“Lassington Dhal was condemned to die of pleasure. What was the secret that had earned him free grog, free women and a drunkard’s death?”
Today’s Pulp Friday is a wonderful specimen of Asian themed Australian pulp fiction, Sin in Hong Kong by James Workman, published by Horwitz Publications in 1965.
You can almost smell the polluted water of Kowloon Harbour and feel the beer sweat oozing from the pores of this book. The combination of the cover illustration and the suggestive title do a wonderful job of evoking a sense of the mysterious, sleazy Orient, one of the mainstays of pulp publishing in the fifties and sixties. Criminals, Communists, Asians. What’s the difference? Remember, this was 1965. The Cold War was in full swing, Vietnam was just starting to wind up, Australia was years away from recognising Red China, fear and ignorance of Asia was widespread (and it could be argued in some quarters still is).
As is the case with nearly every local Australian pulp cover I present on this site, I’ve no idea who did the art work for Sin in Hong Kong.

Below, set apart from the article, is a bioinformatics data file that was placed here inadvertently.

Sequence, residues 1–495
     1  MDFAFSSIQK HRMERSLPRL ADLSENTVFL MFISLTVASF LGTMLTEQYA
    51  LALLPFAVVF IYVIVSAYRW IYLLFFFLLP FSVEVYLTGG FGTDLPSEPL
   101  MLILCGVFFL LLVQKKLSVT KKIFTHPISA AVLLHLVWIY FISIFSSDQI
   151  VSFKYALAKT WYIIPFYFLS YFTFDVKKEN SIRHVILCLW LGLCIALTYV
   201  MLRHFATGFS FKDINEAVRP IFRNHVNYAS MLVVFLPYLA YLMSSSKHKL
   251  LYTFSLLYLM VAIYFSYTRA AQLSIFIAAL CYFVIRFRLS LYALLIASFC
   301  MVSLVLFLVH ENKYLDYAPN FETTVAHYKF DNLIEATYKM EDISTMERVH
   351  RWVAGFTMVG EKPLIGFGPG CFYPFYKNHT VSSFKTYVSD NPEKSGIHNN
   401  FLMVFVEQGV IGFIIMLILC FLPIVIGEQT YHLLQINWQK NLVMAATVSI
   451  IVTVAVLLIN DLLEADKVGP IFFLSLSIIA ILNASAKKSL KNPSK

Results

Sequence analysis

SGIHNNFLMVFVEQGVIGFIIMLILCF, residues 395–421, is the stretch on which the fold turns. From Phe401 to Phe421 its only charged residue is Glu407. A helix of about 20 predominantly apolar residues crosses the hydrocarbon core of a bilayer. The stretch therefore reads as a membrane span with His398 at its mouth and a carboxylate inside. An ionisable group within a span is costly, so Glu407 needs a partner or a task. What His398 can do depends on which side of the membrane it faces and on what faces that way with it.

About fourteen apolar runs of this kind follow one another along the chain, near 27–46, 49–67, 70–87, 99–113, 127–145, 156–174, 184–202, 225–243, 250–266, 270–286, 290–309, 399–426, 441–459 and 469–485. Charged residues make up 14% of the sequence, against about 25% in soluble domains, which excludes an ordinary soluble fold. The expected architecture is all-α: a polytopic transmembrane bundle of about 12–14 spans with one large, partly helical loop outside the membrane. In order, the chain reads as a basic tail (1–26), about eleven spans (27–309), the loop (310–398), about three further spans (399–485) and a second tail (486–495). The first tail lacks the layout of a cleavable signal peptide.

James Workman appears to have been one of the many house pseudonyms used by Horwitz. In this case, the real author appears to have been well known Australian novelist James Edmond MacDonnell.
MacDonnell served in the Royal Australian Navy for 14 years, then went on to become a prolific paperback writer. He joined Horwitz in 1956 and wrote 12 novels a year for them over a lengthy career.
The best known are his so-called ‘nautical pulps’, tales of daring navy do set during World War Two, which can still be seen gracing the shelves of opportunity shops today. But he also wrote medical pulp, adventure stories, and spy novels under the name of James Dark which were published in the US by Signet and had great titles such as The Bamboo Bomb and Assignment Tokyo.